Alberta is not dominated by oil and gas, and its economy is as diversified as any other state: Survey


Despite frequent calls by activists and politicians to diversify Alberta’s economy, recent research has shown that the oil and gas sector does not control the state’s economy. On the contrary, its economy is as diversified as any other state.

“Edmonton’s demand for active diversification of the Alberta economy is often based on myths and misunderstandings of the status quo,” said Ben Eisen, a senior researcher at the Fraser Institute, co-author of the study. Said in a press release on March 10th.

Four myths about Alberta’s economic diversificationā€¯Examines the general notion that Alberta’s economy and finances are largely dependent on natural resources and that the government can implement top-down policies that revert the state’s economy to other sectors.

“Despite the misunderstanding, the state’s oil and gas production is not significantly more diversified than other states and other advanced industrial economies such as Germany and Japan. It does not control the state’s economic activity or employment, “the author said.

“In fact, when it comes to employment, Alberta was Canada’s most diversified state economy in 2020.”

Using the Herfindahl Index, which measures the concentration of employment and economic production, the study found that Alberta was “more diversified” than any other state.

For example, if the index is calculated based on 16 industries Labor force data According to a 2021 Statistics Canada survey, Alberta has the lowest concentration of employment at 0.031, 0.027, and 0.025, respectively, compared to Quebec, Ontario, and British Columbia.

In terms of economic outcomes, the authors pointed out that Alberta is not unusually concentrated in any particular industry. Rather, according to their calculations, the state is ranked as the fourth most diversified state economy when measured by GDP concentration (more diversified than Ontario and British Columbia) over 20 sectors in 2020. rice field.

The “second myth” that the author argues is the recognition that economic diversification is needed to stabilize public finances.

“It’s true that Alberta’s finances can fluctuate, but we don’t need further economic diversification to curb Alberta’s fiscal fluctuations,” they said.

The authors suggested that the state focus taxation on consumption rather than on more volatile sources of income.

“The most obvious example is sales tax,” the study said. “But personal income tax can also be designed to tax primarily on consumption, which excludes tourists and other people who do not pay income tax, but the personal income tax system is still primarily on consumption. It can be designed to focus. “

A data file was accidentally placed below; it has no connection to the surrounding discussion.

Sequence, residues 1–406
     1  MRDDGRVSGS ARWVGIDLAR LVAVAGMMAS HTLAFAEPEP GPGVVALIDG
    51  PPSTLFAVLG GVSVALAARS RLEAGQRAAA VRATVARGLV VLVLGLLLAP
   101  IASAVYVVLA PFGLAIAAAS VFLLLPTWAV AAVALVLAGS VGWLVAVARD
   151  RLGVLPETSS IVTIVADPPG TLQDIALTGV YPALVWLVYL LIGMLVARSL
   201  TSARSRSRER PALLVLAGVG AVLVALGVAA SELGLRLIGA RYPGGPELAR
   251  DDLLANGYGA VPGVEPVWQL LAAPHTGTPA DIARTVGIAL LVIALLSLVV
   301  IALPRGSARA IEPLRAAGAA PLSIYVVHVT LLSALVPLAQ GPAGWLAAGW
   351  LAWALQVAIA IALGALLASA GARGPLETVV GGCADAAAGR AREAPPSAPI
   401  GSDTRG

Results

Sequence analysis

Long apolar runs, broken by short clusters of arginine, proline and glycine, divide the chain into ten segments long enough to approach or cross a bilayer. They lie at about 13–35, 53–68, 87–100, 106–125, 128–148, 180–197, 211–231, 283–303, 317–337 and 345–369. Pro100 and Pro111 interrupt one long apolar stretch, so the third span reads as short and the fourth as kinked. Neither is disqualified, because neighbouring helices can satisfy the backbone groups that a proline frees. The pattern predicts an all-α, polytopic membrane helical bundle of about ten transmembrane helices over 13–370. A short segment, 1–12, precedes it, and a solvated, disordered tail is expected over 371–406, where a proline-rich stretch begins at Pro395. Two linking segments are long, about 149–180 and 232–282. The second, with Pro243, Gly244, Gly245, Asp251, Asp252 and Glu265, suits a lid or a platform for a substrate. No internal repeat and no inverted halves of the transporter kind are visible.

The authors also suggested that the state direct some of its non-renewable resource revenues to sovereign wealth funds such as Alberta’s Heritage Fund and use some of that revenue to pay dividends to its citizens.

“It may help limit the government’s tendency to increase program spending to unsustainable levels when there is a large influx of natural resource revenues,” they said.

The authors have different views on the idea that government’s top-down diversification efforts are “essentially effective.”

The study cited efforts made by several state governments, including a government led by Prime Minister Peter Lougheed in the early 1970s. In 1972, the government established two royal companies (Alberta Agricultural Development Corporation and Alberta Opportunity), acquired shares in energy and materials companies, and purchased commercial airlines.

However, diversification efforts range from “losing hundreds of millions of dollars in telephone companies” to “qualified successes such as buying shares in Alberta Bank, which subsequently became part of the Western Bank of Canada.” Produced results. ..

The authors acknowledged the success of several diversification efforts by the government at different times, but emphasized that they did not substantially contribute to the overall level of economic diversification in the state.

The study also challenged the notion that economic diversification is “essentially good.”

“It may seem obvious, but it isn’t. In fact, economic theory suggests that jurisdictions should pursue comparative advantage rather than deliberately diversifying the economy. “There is,” the study said.

The authors argued that many of the most successful economies are highly specialized economies, such as San Francisco and Toronto in the fields of technology and finance, and Germany and Japan in the advanced manufacturing industry.

“Government shouldn’t choose winners and losers, but it should promote an economic growth environment that gives businesses and entrepreneurs in all sectors the best chances of success,” Eisen said.

“Alberta’s economy is more diversified than is generally understood, and top-down efforts to further diversify the economy require skepticism.”

Isaac Theo

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Isaac Teo is a Toronto-based Epoch Times reporter.